There have been a number of cases of accidental poisoning as well as poisoning due to experimentation. See, also, Datura suaveolens.



In July 2008, a family of six was admitted to hospital in Maryland, USA, a few hours after eating a home made stew. Two were unconscious and the others were laughing, confused, dizzy, thirsty and suffering hallucinations. It was not possible to obtain any information from them and they were treated symptomatically, including tranquillizers in four cases to control their agitation.

Investigators visited the family home and found evidence of green leaves in the remains of the stew, discarded plant material in the kitchen waste bin and a Datura stramonium plant in the garden with numerous freshly cut-off stems.

All six recovered and were released from hospital over the following three to five days. They were, probably, fortunate that a relative happened to visit about an hour after the meal by which time they were already showing sufficiently severe symptoms of mental disturbance as to render them incapable of summoning assistance for themselves.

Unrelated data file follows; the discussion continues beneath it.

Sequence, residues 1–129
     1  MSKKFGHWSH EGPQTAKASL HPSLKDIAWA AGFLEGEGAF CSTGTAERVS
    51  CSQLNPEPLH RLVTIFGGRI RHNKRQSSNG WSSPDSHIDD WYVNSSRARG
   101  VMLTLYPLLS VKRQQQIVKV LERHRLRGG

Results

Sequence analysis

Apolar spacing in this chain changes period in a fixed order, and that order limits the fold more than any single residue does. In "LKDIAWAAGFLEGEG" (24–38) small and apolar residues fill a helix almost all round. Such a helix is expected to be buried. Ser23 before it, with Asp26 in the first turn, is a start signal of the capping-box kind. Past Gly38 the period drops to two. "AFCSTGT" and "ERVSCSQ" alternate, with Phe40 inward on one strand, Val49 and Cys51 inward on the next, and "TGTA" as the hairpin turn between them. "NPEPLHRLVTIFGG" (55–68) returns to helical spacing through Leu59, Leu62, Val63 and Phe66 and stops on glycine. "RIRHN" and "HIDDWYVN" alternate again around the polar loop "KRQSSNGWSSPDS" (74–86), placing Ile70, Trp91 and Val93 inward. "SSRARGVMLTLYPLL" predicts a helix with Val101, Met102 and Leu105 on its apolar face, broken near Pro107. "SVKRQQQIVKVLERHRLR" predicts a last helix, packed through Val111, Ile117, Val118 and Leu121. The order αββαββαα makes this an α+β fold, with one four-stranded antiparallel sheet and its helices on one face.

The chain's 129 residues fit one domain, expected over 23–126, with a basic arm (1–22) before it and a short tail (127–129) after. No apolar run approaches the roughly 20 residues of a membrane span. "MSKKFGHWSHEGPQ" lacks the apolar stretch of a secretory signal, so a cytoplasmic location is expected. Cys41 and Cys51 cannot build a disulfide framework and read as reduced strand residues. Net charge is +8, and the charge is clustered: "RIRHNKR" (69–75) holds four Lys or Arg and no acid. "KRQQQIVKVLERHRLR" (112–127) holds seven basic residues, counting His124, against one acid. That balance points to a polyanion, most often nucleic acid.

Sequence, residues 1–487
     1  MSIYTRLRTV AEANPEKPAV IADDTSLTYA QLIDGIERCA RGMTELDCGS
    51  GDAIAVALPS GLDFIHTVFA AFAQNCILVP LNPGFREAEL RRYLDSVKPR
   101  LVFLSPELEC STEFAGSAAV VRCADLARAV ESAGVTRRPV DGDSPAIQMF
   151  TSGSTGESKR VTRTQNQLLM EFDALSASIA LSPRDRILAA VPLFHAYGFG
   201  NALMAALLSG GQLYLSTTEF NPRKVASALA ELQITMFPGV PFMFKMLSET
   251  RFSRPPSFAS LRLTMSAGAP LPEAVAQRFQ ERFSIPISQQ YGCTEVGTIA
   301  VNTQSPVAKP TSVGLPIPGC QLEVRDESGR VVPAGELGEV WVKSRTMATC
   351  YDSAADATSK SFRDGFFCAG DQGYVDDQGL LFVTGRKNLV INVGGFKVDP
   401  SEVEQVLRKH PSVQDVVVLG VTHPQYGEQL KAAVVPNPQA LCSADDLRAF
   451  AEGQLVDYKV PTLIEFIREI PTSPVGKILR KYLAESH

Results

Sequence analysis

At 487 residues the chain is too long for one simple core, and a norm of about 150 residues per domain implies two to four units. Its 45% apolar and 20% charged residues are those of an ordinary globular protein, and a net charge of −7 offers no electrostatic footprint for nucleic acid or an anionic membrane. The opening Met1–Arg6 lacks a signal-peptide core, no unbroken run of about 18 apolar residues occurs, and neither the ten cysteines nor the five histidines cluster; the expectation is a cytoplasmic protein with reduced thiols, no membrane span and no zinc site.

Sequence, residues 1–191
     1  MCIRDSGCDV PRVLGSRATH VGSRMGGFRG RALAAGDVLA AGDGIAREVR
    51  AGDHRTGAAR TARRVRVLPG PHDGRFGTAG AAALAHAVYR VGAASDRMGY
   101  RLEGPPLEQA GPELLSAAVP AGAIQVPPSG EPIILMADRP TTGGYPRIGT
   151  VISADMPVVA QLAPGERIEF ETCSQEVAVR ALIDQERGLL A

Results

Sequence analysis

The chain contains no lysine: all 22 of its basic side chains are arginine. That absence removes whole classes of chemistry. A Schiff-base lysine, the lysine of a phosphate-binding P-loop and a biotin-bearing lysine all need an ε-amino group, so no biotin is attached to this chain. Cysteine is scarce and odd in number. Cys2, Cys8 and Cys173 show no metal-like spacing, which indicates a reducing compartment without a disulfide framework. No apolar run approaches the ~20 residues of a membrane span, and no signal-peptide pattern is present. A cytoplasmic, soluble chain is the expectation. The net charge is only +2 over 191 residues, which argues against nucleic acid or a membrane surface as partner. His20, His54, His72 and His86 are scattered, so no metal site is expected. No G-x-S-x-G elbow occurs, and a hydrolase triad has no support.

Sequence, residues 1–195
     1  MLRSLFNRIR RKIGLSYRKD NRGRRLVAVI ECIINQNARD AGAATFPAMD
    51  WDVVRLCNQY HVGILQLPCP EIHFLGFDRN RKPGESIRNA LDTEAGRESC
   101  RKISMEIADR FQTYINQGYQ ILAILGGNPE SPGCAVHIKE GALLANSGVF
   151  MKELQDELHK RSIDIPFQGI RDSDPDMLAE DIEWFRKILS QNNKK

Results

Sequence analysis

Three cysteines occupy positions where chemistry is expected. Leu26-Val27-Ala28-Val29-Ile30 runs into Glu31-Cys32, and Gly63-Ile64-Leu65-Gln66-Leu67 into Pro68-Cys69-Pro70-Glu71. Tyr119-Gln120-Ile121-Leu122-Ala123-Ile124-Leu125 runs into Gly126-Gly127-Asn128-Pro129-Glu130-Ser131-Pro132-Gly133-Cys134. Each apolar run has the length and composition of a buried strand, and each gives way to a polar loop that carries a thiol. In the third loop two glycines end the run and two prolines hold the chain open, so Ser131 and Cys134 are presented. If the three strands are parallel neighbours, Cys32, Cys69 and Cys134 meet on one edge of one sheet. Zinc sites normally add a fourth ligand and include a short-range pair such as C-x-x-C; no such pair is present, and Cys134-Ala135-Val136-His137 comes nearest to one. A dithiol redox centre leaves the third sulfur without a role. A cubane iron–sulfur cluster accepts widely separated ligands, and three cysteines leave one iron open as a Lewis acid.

Lanark County Genealogical Society Website

Information where you can buy all Linda Seccaspina’s books-You can also read Linda in Hometown News

If Quackery Poison Gets You!! Blue Poison Ointment



The Carleton Place and Beckwith Heritage Museum posted this picture yesterday and I ago curious.

This is an antique poison tin which held Blue Ointment that contained one third Mercury. It shows the skull and crossbones and, in small print below the word “Poison” it says: “A.C. Co. 70”.  Gonorrhea, syphilis, and chlamydia ran rampant during the Victorian era. … with urethral injections, irrigations, calomel, and treated mercurial ointments

This got me thinking about how our ancestors managed to maintain health on their units, especially when there were little to no effective medications available that didn’t involve the hideous sounding mercurial ointment or the downright hazardous, hyposulphate of soda.